bigoli in salsa
A poster of fish of the Venetian lagoon and sea showing the sardine and anchovy.
bigoli in salsa
Let’s throw in a gratuitous shot of the dish’s home city, because … Venice!


Despite its seeming simplicity, this dish is actually quite hard to make well. I’ve seen versions of it where there are pieces of onion visible which should not be the case. The onion can be quite hard to digest if it’s not cooked properly and its for this reason that the sauce takes more than an hour to prepare. But Italy is the country that invented the Slow Food movement, so its quite appropriate.

Top tips

  1. Chop the onions as finely as possible. This will make them much easier to cook.
  2. Cook the onions over a very gentle heat. They should be just covered in water which you replace as soon as it’s evaporated. They should not colour but become soft and mushy.
  3. Chop the sardine/anchovy fillets as finely as possible. This will allow them to dissolve into the onion mixture.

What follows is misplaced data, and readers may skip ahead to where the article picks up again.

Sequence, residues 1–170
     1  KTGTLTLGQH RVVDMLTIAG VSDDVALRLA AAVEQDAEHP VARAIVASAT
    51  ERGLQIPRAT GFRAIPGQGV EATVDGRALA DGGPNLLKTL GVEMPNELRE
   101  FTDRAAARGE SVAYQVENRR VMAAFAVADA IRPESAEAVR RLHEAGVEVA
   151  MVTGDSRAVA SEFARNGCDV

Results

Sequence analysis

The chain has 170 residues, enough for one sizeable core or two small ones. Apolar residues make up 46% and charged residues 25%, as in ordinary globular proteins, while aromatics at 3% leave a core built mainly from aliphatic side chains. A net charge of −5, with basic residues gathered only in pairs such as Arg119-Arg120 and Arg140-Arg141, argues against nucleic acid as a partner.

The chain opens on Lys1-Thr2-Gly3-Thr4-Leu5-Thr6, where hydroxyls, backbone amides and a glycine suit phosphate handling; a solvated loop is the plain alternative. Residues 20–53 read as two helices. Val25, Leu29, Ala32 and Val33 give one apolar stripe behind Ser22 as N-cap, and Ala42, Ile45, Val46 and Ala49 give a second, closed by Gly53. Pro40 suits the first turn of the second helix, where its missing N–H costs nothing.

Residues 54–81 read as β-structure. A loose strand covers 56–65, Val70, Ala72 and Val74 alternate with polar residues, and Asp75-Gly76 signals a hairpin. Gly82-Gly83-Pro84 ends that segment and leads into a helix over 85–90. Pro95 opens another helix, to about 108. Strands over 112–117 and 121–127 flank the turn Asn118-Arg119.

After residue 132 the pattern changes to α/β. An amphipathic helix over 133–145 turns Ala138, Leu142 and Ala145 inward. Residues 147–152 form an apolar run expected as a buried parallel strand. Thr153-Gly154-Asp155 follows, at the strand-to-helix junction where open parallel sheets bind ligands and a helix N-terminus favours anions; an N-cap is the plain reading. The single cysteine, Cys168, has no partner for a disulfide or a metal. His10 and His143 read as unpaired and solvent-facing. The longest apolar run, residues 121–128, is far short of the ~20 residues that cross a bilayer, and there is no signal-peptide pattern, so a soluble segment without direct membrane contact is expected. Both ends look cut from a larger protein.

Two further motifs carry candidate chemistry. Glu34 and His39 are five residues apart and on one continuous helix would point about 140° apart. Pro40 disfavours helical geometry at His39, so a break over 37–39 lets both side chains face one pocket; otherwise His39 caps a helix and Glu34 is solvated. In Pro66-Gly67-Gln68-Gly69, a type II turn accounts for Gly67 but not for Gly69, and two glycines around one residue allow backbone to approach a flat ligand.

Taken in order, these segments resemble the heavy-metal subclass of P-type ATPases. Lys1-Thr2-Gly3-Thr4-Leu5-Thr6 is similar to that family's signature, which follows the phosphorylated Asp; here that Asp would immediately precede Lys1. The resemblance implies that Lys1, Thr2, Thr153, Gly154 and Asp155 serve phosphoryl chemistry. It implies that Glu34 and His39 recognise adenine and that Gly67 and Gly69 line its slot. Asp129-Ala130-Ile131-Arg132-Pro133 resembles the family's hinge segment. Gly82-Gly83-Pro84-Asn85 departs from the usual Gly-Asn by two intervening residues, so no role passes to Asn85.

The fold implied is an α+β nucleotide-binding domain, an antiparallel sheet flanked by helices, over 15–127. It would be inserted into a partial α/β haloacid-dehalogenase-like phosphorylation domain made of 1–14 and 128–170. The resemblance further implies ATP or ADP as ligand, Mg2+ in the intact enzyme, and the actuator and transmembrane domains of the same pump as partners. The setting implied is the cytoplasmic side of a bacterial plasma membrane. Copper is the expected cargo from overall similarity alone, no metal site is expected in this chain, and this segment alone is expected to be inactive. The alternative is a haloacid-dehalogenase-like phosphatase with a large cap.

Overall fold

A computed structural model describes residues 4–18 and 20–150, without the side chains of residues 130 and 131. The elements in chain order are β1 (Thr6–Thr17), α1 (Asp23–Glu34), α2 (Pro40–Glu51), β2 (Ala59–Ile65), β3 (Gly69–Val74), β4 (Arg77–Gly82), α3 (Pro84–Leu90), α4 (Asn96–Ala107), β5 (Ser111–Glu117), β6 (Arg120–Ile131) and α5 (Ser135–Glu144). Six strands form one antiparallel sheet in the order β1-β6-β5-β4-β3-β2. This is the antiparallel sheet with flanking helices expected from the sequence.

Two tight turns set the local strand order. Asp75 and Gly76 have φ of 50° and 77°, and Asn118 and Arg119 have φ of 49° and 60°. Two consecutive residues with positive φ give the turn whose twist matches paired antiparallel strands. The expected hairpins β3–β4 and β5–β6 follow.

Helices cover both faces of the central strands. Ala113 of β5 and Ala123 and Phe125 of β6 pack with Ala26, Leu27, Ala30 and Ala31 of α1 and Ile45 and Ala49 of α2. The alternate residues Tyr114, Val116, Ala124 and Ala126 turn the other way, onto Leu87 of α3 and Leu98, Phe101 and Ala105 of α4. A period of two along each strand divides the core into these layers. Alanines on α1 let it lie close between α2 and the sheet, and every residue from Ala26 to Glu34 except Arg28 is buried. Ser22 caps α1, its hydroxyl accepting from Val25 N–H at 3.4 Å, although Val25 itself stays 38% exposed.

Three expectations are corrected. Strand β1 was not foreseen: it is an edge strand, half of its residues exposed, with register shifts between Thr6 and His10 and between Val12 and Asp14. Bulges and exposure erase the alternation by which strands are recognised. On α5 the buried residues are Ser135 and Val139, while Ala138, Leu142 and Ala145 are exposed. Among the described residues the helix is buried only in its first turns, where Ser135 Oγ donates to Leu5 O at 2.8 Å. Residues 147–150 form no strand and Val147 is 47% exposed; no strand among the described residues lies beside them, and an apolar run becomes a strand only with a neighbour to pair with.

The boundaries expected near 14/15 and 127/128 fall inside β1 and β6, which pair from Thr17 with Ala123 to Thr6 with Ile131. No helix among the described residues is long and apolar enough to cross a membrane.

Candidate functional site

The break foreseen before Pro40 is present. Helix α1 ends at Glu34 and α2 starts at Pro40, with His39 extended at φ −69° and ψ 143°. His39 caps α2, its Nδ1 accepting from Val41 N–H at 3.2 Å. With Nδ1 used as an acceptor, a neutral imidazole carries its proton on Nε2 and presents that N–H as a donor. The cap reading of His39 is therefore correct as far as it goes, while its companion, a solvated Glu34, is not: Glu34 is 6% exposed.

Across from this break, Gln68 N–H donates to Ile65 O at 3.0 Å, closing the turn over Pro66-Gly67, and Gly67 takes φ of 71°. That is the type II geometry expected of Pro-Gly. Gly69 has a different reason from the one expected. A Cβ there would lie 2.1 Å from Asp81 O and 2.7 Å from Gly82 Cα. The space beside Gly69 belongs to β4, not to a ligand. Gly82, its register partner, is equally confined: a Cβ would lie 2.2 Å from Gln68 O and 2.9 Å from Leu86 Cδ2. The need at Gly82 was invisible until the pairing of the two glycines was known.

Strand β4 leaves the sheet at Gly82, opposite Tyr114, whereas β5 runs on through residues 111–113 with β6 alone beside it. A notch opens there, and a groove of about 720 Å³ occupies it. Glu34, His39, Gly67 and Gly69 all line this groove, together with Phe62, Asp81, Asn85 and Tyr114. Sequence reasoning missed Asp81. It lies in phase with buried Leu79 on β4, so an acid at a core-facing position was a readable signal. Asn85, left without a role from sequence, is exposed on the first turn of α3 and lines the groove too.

4. Don’t salt the water in which you cook the pasta. The sardines/anchovies are salty enough already.
  5. Garnish the final dish with finely chopped parsley and black pepper.
  6. Do not serve with grated parmesan cheese. In Italian cooking cheese is never used with pasta served with a fish sauce.

Here are a few action shots of me preparing the dish so you can see how it should look at every stage.

bigoli in salsa
1. Cook the onions slowly in a pan just covered with water for about an hour. Replace the water regularly.
bigoli in salsa
2. After an hour the onions will have turned mushy. Mash them further with a spoon or potato masher.
bigoli in salsa
3. Add the chopped sardine or anchovy fillets and stir until they have melted into the onions.